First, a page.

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  • Chantal Tougas, D.Psy.

Adoptees in Québec now have the right to know their origins

Since June 8, 2024, adopted persons in Quebec have access to the identity of their birth parents, a change that has been long-awaited by many adoptees. This was made possible by the Act respecting family law reform with regard to filiation, which amends the Charter of Human Rights and Freedoms in Québec regarding the rights to know ones origins. Adoptees can now have access to their original act of birth, judgments concerning their adoption, and the names of their birth parents, grandparents and siblings of origin.


It is expected that thousands of people will file requests through the CISSS to get this information and perhaps request contact with their families of origin, which could mean administrative delays to get this information.


It is important not to minimize the emotional aspect of such a process of obtaining sociobiological information on your identity and of possibly reuniting with your family of origin. Indeed, adoptees who have taken these steps experience a roller coaster of emotions, including joy, sadness, regret, jealousy, and anger. Adoptees may feel joy to finally be able to know their origin story and retrieve this important piece of their identity that was lacking for so long, but also sadness upon learning that their birth parents had a happy family after entrusting them for adoption, regret or frustration of not having been able to know siblings or extended family members or of learning that no one was ever informed of the adoptees very existence, gratitude toward their birth parents for giving them the chance to have a better life than they thought they could offer them at the time of their birth, and disappointment and sadness in the event that their birth parents are deceased or refuse contact with them in cases where a reunion was desired.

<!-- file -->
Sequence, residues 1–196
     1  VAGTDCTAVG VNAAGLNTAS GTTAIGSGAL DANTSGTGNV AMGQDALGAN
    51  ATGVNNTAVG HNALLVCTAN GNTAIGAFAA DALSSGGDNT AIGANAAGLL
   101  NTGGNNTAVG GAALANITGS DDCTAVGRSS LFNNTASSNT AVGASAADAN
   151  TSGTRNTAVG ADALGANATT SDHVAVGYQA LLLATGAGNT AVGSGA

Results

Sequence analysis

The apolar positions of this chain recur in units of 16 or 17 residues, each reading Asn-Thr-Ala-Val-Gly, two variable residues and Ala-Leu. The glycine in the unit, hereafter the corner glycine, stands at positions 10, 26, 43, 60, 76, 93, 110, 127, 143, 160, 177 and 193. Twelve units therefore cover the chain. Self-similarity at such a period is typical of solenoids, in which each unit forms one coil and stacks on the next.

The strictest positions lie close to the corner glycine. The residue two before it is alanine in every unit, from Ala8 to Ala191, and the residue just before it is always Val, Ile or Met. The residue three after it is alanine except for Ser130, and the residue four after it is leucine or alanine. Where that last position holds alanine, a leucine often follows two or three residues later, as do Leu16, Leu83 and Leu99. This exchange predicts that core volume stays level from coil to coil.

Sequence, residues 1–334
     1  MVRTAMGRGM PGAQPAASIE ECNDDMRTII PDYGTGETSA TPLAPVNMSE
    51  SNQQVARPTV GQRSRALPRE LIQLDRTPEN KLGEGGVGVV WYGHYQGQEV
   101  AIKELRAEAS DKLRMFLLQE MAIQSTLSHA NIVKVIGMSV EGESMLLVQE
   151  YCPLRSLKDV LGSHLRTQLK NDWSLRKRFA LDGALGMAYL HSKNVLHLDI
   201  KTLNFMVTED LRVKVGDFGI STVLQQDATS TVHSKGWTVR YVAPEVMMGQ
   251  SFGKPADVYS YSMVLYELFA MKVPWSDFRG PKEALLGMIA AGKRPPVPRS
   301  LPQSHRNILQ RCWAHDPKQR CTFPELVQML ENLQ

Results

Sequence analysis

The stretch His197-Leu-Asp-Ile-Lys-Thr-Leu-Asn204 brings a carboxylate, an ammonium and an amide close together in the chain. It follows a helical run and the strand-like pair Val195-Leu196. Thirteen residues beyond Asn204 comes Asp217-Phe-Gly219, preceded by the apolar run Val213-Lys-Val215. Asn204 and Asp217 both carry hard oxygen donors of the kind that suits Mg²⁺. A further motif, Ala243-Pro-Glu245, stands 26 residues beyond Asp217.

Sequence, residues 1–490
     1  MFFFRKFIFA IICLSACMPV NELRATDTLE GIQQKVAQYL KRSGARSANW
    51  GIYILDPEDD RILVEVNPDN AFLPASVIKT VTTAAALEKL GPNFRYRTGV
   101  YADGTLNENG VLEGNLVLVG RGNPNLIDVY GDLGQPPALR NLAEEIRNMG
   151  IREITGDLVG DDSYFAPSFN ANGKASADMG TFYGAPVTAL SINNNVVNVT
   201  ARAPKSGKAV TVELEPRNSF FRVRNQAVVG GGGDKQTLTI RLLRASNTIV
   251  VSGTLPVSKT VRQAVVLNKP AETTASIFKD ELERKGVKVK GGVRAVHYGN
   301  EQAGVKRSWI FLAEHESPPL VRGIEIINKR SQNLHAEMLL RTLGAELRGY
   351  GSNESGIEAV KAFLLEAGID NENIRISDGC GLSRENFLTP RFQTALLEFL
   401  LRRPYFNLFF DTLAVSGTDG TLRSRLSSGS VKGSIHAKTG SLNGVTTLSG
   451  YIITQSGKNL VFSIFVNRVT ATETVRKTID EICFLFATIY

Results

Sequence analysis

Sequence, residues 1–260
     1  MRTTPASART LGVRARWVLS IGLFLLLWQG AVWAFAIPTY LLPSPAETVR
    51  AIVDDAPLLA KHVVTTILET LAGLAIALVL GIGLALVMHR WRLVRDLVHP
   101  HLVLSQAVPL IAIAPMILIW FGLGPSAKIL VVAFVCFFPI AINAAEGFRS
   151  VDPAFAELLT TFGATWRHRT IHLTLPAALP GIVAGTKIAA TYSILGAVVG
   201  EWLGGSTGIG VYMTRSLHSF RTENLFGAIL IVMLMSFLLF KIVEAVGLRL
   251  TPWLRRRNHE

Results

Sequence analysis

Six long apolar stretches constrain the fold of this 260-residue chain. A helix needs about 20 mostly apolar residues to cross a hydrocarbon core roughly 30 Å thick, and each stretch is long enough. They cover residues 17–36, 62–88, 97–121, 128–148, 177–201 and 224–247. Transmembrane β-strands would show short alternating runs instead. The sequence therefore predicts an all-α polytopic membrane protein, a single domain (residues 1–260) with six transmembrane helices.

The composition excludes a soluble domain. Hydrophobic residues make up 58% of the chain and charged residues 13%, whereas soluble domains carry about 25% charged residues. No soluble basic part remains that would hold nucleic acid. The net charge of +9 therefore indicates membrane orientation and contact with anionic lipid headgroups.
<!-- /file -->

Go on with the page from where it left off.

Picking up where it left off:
It can be important for an adoptee to be accompanied in this process of obtaining information on their origins and seeking a reunion with their birth family to allow them to explore the full spectrum of emotions that can surface at each step of this process. And given the large number of requests that are being submitted to the CISSS adoption, research into family and medical background and reunion services across the province since this change to the Civil Code has come into effect, there may be frustration with having to keep waiting to obtain the information adoptees have longed to have.


And what about the birth parents whose identities are no longer protected by confidentiality? This situation can certainly be a source of concern and anxiety for some. They may have hidden this pregnancy their entire life and now fear that their secrets will be revealed to their current family. They may relive shame, regret, fear or sadness by reopening this chapter of their lives. On the other hand, they may hope for news about the child they gave up for adoption and wish to be reunited with them, and may be stressed waiting to know if they will be contacted or experience disappointment if they are not.


If you are in this situation, as an adopted child or a parent of origin and feel a need to talk about it, do not hesitate to contact me to make an appointment.


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